From the report: “Without question, some activities conducted in cyberspace could constitute a use of force, and may as well invoke a state’s inherent right to lawful self-defense.” Unfortunately, the media has a tendency to abuse the word cyber “war” in cases where the word cyber “conflict” should be used instead. Not all acts of aggression in cyber space are cyber war; in fact, many experts believe we have not had a real case of a cyber war yet, whereas many others believe that Estonia and Georgia have already experienced such a reality. This serious and sober discussion continues on across governments worldwide and clear internationally acceptable frameworks that can break this down have not been developed yet.

It is my belief that the laws of war should not have to be reinvented as it applies to cyber. Cyber is only another tool used to accomplish a military mission.

13. “What constitutes use of force in cyberspace for the purpose of complying with the War Powers Act (Public Law 93-148).

The document states that “cyber operations might not include the introduction of armed forces personnel into the area of hostilities. Cyber operations may, however, be a component of larger operations that could trigger notification and reporting in accordance with the War Powers Resolution. The Department will continue to assess each of its actions in cyberspace to determine when the requirements of the War Powers Resolution may apply to those actions.”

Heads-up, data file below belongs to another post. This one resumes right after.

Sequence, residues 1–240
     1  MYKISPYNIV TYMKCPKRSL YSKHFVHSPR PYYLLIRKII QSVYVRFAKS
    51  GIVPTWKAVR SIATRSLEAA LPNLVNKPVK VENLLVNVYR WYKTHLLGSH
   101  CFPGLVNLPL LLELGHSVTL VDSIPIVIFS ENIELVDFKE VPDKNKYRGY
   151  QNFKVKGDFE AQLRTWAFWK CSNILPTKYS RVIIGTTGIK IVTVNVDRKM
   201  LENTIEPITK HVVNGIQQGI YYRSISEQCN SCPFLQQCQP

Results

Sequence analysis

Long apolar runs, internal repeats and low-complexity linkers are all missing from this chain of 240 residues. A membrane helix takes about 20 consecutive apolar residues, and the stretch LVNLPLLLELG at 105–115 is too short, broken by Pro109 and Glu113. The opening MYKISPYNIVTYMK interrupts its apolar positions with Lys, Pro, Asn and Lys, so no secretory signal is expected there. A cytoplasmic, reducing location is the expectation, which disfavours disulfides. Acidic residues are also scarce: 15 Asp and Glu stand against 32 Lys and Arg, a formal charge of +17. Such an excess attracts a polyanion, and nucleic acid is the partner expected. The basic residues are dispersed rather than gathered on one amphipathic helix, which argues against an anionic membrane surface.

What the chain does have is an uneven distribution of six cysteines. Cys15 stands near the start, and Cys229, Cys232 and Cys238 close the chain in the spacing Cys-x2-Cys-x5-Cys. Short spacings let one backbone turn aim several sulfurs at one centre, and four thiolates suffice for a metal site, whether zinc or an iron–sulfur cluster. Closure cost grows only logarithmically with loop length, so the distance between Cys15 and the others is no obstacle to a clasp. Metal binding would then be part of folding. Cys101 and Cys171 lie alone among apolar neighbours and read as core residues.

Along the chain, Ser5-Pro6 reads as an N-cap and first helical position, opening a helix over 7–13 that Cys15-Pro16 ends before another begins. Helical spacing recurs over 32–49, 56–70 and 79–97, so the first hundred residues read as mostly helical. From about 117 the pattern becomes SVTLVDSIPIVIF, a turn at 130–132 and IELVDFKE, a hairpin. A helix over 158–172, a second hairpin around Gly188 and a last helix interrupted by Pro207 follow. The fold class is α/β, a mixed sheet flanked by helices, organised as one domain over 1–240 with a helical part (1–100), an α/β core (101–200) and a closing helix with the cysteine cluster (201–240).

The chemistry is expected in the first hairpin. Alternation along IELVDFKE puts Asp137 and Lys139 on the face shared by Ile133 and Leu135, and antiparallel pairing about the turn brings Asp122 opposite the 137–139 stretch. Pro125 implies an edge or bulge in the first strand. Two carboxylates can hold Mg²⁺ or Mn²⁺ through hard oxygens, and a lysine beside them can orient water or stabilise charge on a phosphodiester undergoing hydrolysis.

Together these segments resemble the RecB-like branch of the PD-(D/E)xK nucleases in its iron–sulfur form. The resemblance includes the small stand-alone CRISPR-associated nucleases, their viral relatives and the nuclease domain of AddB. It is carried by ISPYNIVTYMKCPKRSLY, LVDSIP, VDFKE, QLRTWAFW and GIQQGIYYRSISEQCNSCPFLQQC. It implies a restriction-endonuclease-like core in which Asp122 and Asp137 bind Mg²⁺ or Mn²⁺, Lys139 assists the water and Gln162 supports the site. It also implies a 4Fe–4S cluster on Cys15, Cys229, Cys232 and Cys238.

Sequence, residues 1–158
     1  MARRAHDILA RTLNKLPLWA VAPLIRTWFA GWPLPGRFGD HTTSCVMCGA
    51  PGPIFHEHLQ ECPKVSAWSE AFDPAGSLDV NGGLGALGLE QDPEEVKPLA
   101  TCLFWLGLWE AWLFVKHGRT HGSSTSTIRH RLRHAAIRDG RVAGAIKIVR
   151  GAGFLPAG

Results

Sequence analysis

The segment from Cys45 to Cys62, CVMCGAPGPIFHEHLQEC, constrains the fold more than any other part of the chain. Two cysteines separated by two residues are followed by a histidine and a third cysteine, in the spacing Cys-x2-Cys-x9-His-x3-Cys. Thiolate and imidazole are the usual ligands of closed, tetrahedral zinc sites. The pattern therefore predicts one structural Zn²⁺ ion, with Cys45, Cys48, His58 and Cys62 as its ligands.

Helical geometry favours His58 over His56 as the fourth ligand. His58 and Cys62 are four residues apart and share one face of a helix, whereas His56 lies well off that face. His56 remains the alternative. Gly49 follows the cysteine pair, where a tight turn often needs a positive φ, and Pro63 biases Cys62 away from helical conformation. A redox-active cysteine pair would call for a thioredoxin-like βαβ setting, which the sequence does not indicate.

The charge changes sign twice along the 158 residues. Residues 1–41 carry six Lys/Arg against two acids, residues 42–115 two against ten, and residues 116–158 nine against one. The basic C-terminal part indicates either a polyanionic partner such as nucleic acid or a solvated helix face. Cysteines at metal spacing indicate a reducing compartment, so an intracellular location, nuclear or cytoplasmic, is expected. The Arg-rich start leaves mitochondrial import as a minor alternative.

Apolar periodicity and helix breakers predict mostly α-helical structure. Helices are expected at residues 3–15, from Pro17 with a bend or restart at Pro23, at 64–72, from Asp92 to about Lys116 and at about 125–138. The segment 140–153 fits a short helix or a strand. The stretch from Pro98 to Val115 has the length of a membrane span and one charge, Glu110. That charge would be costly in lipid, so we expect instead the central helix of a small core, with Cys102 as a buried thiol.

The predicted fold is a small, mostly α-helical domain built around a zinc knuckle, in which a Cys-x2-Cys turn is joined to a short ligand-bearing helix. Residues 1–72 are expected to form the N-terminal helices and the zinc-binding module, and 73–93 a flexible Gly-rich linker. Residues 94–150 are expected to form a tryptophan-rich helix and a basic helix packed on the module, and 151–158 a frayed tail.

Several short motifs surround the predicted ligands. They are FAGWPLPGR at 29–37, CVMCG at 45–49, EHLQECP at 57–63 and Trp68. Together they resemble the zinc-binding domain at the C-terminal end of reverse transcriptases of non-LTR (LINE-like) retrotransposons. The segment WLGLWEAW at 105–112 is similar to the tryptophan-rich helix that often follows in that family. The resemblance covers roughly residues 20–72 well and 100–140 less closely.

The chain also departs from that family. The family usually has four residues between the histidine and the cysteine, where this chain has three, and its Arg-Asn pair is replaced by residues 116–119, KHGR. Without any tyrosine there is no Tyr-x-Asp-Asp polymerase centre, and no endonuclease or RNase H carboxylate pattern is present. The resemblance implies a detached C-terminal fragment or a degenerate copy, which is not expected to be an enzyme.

The DoD makes the clear point of a case by case approach, which in my opinion, makes complete sense.

In conclusion, I would to voice my concern regarding the slow process being taken regarding the clarification of such issues. Congress has valid questions, which are a representation of the will of the people along with our public and private sectors. The DoD has a tremendous job to do in cyberspace and not enough support or budget to fully accomplish its mission. Collaboration, service, and knowledge-sharing are the answer.